Analyst: Red Hat "deeply undervalued," Oracle Linux "has failed"

Despite Red Hat's stock market slide, its future looks bright, according to one financial analyst, at least in part because of how bleak its competition looks.

Red Hat has been taking a beating in the stock market recently, but in a recent research note leading analyst Mark Murphy of Piper Jaffray thinks this represents an exceptional opportunity to buy into a "deeply undervalued" company. More interestingly, Murphy finds significant cause for Red Hat optimism based on Oracle's failed attempt to undermine Red Hat with its Unbreakable Linux product.

If Red Hat's model were fragile, the thinking goes, surely a behemoth like Oracle could make a dent in Red Hat revenues? Oracle got into the Linux game two years ago, hoping to cannibalize Red Hat's business for itself.

As Murphy points out, however, Oracle has completely failed to hurt Red Hat , calling into question the belief that Red Hat's demise is just a fork away. Novell, too, despite starting to build a decent Linux business of its own, as The VAR Guy has noted, has completely failed to touch Red Hat's rising revenue. The reason? Red Hat remains the default choice for enterprises looking to move off expensive Unix to high-performance and low-cost Linux.

Murphy writes:

Oracle has failed in its attempt to enter the Linux market. Our recent survey of Oracle database customers reveals that only 1 out of 32 customers currently uses Oracle Unbreakable Linux. This one customer also commented that "support is terrible, it is difficult to get an answer to my problems, Oracle's agents never understand my company." The survey reflects a very low penetration rate in the 2-year period since Oracle unveiled Unbreakable Linux with much fanfare, including live penguins running around onstage with Larry Ellison. Resellers continue to characterize Unbreakable Linuxas a failure because Oracle ultimately cannot control the future direction of RedHat Enterprise Linux, upon which it is based.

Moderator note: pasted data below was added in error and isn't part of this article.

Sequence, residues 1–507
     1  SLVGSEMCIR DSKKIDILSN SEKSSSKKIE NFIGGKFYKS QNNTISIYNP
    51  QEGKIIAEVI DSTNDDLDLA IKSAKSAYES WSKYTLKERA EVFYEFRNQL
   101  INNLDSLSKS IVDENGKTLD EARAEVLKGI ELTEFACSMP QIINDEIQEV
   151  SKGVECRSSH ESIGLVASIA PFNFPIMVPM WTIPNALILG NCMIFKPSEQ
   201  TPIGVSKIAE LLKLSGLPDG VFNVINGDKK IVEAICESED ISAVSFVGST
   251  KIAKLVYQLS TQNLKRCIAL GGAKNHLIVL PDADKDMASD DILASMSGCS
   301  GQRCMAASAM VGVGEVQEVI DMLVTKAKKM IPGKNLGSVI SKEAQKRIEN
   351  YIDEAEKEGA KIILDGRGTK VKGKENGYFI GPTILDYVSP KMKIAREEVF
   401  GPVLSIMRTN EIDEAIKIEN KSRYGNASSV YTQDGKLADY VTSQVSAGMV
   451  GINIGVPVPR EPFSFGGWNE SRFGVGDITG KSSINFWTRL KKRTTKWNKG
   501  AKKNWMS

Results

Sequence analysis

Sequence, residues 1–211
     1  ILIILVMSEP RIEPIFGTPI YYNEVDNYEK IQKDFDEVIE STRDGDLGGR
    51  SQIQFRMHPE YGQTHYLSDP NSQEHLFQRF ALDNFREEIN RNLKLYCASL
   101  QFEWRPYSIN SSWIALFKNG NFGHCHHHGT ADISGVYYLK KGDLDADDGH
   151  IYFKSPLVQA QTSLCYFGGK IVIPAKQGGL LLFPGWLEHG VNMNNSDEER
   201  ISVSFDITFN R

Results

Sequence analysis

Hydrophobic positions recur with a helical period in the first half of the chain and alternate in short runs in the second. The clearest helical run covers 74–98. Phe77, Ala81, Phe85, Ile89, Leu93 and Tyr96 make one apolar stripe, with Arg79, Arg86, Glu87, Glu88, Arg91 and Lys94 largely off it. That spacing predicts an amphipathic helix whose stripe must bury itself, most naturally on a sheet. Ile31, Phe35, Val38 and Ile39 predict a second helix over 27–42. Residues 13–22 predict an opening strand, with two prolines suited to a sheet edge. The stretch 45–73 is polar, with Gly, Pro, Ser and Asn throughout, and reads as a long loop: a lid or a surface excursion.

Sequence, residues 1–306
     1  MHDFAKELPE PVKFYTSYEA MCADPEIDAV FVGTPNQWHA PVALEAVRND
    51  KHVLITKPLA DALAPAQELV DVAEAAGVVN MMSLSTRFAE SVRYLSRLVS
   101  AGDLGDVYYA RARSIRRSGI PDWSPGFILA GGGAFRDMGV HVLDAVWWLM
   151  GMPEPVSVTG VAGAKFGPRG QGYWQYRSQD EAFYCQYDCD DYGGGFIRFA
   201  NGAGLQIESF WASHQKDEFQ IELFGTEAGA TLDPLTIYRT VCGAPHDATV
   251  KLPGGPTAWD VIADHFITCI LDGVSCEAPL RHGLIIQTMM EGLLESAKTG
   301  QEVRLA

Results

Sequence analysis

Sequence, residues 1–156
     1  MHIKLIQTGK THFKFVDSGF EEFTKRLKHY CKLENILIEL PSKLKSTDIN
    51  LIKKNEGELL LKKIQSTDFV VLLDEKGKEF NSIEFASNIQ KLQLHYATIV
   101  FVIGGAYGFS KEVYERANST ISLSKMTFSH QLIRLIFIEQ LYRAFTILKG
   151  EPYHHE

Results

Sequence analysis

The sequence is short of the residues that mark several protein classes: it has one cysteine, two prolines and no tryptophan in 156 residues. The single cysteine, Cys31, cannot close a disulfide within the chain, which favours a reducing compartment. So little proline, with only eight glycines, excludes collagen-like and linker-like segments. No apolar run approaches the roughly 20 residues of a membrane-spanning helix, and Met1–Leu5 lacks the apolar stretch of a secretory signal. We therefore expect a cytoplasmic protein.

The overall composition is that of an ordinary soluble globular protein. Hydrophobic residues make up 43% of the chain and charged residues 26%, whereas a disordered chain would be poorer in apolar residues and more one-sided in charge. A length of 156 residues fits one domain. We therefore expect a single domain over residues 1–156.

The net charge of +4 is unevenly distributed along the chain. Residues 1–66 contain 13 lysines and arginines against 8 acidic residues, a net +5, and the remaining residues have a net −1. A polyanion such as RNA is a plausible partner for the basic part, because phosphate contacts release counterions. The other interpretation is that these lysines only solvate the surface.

While the Street has expected Unbreakable Linux to severely impact Red Hat, its failure ironically serves as a proof-point of the underlying defensibility of RedHat's business model. In fact, in the two years since Oracle introduced Unbreakable Linux, Red Hat's billings have grown at an average rate of 31%--representing clear market share gains.

When Red Hat's biggest rivals can't hurt it, surely this is cause for optimism, and not a market slide? It turns out that being the "source of code" is a great alternative to owning the source code, at least in Red Hat's case.

Red Hat has shown no signs of slowing , with its subscription model able to weather the current recession: even if it doesn't sell any new subscriptions, it can tread water and/or grow with its existing customer base , something that license-revenue driven companies simply can't afford to do.

Murphy ends his analysis by suggesting that "the underlying value proposition of [Red Hat's] open source offerings, its superior brand recognition, large referenceable customer base, the reinforcing "network" effects of a platform leadership position, broad array of ISV and IHV certifications, unique vision and culture, and ability to hire superior employee talent" should help Red Hat to continue to grow through the downturn. I concur.

While everyone else lowers its 2009 guidance, Red Hat raised its guidance. While the rest of the market signals weakness, Red Hat has been signaling growth across its product line, and especially JBoss , which can help it move well beyond its operating system roots. Next year looks to be a bright one for Red Hat, just as 2008 has been.

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About the author

    Matt Asay is chief operating officer at Canonical, the company behind the Ubuntu Linux operating system. Prior to Canonical, Matt was general manager of the Americas division and vice president of business development at Alfresco, an open-source applications company. Matt brings a decade of in-the-trenches open-source business and legal experience to The Open Road, with an emphasis on emerging open-source business strategies and opportunities. He is a member of the CNET Blog Network and is not an employee of CNET. You can follow Matt on Twitter @mjasay.

     

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